The Government has recently set up ‘The Home Computing Initiative Advisory Board’ to encourage employers to provide tax-advantaged home computing schemes. David Chandler of Computers for Staff explains how providing such a benefit works and the advantages for both employers and employees.
In all of the talk about tax rises since 1997, increased employment costs and the growing number of regulations forced on business, one very imaginative benefit that the Government has introduced has been largely ignored.
In his 1999 Finance Act, the Chancellor of the Exchequer included a clause that has gone largely unnoticed in the four years since. The Government’s often-stated aim since coming to power has been to make computers as widely available as possible to the population at large. Statements such as “computers for the many not the few” and “bridging the digital divide” proliferated, but it was in 1999 that the Chancellor did something to back up the rhetoric.
So what did he do?
Well, put simply, he enabled employers to offer their employees the opportunity to acquire computers for use in the home, by them and their families. In order to encourage employers and employees to take advantage of this opportunity, he made it financially attractive. An employee who decides to acquire a computer can fund that acquisition via process called “salary sacrifice”. (This payment vehicle is already used for childcare vouchers). The legislation allows an individual to opt to forego up to £2500 of his or her gross salary over a set period (up to 5 years), and to use that money to contribute towards cost of the computer. As long as the limit is not exceeded there are no P11D implications.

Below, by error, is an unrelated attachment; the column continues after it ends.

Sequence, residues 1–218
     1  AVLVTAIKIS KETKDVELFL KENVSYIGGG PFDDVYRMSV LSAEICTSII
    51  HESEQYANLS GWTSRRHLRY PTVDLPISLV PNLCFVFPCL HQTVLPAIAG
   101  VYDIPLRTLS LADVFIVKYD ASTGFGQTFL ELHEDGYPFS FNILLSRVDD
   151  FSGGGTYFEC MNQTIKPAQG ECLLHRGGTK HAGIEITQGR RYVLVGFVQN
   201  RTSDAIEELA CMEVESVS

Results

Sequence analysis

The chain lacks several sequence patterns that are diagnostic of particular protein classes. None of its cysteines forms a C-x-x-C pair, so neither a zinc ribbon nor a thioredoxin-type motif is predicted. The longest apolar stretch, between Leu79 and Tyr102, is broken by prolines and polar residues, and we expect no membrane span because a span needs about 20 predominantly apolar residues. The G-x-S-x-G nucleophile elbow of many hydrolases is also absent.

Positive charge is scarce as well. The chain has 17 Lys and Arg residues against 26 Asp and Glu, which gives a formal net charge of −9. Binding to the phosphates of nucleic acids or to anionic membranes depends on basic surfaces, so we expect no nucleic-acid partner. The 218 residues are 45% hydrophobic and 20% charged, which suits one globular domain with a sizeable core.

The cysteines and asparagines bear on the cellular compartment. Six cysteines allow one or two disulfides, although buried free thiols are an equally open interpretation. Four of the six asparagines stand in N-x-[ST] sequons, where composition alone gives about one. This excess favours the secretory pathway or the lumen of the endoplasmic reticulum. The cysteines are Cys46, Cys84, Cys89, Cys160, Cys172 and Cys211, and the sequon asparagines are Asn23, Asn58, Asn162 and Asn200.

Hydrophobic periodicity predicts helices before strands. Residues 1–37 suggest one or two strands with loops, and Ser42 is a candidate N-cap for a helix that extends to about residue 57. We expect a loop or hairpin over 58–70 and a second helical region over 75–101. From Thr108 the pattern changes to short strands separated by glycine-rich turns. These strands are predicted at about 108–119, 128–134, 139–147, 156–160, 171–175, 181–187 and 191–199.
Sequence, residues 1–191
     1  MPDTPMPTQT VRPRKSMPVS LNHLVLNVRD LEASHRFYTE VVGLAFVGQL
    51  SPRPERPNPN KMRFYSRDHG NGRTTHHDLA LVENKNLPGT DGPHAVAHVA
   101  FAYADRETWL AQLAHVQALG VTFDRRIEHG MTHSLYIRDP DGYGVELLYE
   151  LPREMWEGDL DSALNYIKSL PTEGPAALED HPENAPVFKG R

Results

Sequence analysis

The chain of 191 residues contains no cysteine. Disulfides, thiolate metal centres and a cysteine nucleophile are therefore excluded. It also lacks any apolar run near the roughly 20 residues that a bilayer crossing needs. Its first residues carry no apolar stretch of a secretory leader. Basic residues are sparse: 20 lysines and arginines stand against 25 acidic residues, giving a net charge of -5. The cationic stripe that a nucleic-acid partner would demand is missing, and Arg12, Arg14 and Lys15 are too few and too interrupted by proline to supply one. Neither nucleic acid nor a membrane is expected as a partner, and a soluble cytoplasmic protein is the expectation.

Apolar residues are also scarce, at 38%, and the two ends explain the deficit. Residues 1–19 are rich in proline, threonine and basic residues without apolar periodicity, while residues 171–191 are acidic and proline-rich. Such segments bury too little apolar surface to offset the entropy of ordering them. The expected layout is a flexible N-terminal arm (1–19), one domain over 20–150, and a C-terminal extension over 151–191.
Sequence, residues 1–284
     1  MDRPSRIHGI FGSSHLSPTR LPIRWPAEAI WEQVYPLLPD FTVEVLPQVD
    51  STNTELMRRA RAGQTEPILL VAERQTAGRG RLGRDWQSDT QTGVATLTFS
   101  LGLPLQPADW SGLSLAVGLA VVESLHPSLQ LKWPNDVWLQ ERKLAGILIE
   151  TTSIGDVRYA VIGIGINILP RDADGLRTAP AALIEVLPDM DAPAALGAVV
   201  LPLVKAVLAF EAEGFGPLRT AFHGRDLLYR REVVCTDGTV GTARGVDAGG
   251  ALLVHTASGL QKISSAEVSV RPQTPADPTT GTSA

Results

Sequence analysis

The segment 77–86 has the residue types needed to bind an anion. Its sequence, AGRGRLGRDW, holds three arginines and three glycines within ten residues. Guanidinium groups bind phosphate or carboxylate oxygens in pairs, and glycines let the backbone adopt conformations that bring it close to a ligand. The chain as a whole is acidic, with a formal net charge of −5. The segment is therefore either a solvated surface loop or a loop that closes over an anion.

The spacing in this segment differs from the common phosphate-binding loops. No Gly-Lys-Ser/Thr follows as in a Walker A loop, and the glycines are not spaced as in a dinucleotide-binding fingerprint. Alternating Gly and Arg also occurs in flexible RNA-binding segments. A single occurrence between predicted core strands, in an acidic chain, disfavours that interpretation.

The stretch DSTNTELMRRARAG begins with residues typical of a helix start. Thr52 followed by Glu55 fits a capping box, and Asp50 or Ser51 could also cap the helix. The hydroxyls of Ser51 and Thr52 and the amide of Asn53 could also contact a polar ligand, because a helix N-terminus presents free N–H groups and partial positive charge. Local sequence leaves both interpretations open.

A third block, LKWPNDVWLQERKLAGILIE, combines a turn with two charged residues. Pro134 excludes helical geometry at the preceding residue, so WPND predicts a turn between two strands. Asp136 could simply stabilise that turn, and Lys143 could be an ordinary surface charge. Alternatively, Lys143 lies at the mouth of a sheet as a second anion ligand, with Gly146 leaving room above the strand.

Because the employee does not have to pay income tax and National Insurance on that £2500, the practical effect is the computer has been acquired tax free. The employer benefits in that there is an immediate reduction in employment costs as no employers’ National Insurance contribution is payable on the part of the salary that the employee has agreed to sacrifice. For larger employers, the savings can run into hundreds of thousands of pounds, but even for smaller organisations they can be significant.